“Stories, art, drama, dance, archaeology…all of these are extremely significant but this tends to get pushed to the side by political history.”

Scottish history and culture, McHardy said, has been “misrepresented, suppressed and distorted.”

“Scotland has been run like a colony since 1608.” Stuart McHardy

As it stands, he said: “People pay no attention to things that go on in Scotland – they’re not worthy of the notice of the media or politicians. It’s as though Scotland is in a parallel universe.”

Asked whether he felt this perceived disregard and distortion of Scottish culture was calculated, McHardy was unequivocal: “Without a shadow of a doubt.

“The idea runs through all three books about gatekeepers of a colonial structure. Scotland has been run like a colony since 1608.”

Even the choice to write The Wey Forrit in Scots was important to the goal of shifting this trend, as McHardy had long been bothered by the “suppression of indigenous language” in Scotland.

“This has been a deliberate policy of British governments for many years”, he said, and one which he believes has held Scotland back.

McHardy pointed to the benefits to pupil attainment and self confidence of teaching Scots in schools, which has become more common in recent years. “The more of this that happens, the better”, he said, as the process of confidence building will be essential to Scotland’s future.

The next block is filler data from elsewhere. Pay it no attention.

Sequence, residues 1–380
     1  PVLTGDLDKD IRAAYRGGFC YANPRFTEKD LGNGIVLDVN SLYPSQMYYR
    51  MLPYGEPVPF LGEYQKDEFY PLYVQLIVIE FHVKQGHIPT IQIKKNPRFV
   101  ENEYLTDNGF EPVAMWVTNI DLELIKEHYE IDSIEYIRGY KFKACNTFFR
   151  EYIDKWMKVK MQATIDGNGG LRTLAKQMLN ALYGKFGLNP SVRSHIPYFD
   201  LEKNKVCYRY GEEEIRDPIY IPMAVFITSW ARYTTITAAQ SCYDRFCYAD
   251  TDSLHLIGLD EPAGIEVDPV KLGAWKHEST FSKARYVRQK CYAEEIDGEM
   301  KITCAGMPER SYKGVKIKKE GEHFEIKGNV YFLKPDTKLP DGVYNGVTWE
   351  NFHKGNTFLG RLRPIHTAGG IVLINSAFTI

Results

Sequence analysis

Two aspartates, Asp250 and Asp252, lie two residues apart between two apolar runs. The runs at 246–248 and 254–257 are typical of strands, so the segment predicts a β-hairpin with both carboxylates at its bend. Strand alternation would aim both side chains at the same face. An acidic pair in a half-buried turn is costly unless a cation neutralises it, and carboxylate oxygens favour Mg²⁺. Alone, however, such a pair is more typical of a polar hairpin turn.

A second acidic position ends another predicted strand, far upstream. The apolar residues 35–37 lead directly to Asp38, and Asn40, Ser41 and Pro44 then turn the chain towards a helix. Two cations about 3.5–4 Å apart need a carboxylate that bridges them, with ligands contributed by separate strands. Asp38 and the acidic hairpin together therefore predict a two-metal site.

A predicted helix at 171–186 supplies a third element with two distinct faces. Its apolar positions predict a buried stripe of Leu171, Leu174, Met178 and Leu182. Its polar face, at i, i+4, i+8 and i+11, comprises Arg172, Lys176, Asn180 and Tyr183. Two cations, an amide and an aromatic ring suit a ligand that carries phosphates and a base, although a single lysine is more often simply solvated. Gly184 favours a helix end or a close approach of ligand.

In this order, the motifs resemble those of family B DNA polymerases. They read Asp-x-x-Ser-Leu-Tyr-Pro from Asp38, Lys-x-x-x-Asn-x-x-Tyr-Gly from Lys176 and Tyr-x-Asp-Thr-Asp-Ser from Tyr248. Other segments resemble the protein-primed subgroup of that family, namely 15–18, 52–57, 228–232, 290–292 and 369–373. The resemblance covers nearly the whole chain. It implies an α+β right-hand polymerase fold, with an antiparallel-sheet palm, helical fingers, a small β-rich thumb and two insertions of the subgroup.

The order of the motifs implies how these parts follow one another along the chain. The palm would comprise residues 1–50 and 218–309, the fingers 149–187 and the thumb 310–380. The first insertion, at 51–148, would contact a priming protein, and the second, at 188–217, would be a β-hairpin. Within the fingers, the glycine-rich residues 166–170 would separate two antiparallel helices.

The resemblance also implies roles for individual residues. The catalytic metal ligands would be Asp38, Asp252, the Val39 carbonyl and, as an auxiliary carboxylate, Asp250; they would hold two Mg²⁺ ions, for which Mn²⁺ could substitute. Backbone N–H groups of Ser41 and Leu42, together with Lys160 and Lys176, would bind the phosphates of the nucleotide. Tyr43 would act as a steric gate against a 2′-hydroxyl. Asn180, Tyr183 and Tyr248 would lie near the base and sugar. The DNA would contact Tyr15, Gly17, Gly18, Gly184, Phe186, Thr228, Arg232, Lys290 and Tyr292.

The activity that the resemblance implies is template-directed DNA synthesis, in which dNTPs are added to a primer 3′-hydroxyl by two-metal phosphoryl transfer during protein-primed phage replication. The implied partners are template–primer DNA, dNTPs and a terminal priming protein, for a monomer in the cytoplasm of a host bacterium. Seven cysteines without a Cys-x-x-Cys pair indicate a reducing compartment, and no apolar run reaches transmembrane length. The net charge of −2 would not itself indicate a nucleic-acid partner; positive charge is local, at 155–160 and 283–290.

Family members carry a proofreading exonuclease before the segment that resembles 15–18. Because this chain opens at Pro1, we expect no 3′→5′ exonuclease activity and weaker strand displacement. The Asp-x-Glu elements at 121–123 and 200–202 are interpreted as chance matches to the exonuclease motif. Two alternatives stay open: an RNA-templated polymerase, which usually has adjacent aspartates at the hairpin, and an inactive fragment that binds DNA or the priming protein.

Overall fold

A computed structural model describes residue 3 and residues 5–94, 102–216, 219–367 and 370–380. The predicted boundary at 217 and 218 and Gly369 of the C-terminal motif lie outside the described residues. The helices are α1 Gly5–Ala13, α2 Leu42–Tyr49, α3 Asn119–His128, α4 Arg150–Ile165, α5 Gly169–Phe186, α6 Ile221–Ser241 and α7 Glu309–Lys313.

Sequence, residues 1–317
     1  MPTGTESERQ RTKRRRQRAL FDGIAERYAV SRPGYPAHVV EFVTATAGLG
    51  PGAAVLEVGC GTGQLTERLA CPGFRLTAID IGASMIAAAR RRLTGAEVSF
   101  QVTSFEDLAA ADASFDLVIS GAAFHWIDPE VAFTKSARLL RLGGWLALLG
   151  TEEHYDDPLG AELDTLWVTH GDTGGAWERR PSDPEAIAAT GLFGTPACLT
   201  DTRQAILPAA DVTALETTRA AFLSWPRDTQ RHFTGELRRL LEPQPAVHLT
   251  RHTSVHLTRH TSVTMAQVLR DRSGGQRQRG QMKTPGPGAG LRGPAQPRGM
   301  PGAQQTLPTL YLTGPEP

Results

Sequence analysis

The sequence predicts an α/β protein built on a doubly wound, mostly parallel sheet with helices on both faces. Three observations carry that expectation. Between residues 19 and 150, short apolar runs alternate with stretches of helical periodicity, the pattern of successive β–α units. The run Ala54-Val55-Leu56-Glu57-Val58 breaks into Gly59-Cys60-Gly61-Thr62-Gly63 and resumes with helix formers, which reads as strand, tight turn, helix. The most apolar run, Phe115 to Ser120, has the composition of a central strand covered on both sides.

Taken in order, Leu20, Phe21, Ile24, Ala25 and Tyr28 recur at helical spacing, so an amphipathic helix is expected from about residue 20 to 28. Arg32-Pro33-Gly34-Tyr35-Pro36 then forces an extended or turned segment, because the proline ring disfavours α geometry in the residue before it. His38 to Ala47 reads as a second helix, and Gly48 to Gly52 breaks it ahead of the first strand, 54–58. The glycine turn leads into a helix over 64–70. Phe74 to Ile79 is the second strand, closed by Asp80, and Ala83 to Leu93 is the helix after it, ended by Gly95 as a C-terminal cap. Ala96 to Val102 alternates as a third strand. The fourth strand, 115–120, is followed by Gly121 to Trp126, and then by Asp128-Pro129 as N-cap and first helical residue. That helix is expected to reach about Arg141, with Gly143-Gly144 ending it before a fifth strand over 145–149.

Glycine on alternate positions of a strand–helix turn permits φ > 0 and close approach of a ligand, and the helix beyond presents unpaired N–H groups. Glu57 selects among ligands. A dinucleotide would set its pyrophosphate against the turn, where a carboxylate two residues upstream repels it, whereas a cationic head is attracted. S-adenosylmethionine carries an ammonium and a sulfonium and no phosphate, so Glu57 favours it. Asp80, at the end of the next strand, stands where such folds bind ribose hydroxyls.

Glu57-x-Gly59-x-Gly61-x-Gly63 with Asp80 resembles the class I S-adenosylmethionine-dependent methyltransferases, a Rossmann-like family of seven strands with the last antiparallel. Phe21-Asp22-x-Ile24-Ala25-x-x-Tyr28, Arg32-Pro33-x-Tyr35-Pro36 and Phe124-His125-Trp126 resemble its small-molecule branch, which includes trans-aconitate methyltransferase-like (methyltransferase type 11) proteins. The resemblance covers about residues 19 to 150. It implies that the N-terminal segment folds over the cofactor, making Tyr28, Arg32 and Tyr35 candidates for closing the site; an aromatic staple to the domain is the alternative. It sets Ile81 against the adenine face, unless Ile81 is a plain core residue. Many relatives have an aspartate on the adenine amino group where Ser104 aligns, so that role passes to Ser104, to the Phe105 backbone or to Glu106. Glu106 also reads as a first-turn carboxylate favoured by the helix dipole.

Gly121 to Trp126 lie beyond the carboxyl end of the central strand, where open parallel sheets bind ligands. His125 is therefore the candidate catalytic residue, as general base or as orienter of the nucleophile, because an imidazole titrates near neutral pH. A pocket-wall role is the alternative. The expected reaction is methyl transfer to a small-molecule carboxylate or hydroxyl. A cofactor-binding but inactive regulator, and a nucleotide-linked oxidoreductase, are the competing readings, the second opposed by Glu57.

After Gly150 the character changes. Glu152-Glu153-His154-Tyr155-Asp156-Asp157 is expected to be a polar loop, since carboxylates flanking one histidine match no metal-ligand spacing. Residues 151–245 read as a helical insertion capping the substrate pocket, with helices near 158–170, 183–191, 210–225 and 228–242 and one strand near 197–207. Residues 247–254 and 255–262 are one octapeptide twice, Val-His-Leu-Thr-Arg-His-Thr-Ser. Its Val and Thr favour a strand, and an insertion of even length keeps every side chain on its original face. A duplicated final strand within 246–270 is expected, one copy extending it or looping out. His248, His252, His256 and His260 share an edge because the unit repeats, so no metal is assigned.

“We should be deciding what needs to be done, then arguing about it, no arguing first.” Stuart McHardy

He also felt that it was important to “speak in the voice of the people” and to engage more than politicians in the process of creating Scotland’s future.

“The whole notion of political change can’t be left to political parties because they have their own agendas”, McHardy said.

He suggested that, while the SNP had done some “wonderful things”, the Scottish Parliament was failing to live up to its potential.

“Part of my thesis is that the problem is that all parties are modelled on the Westminster model”, he said.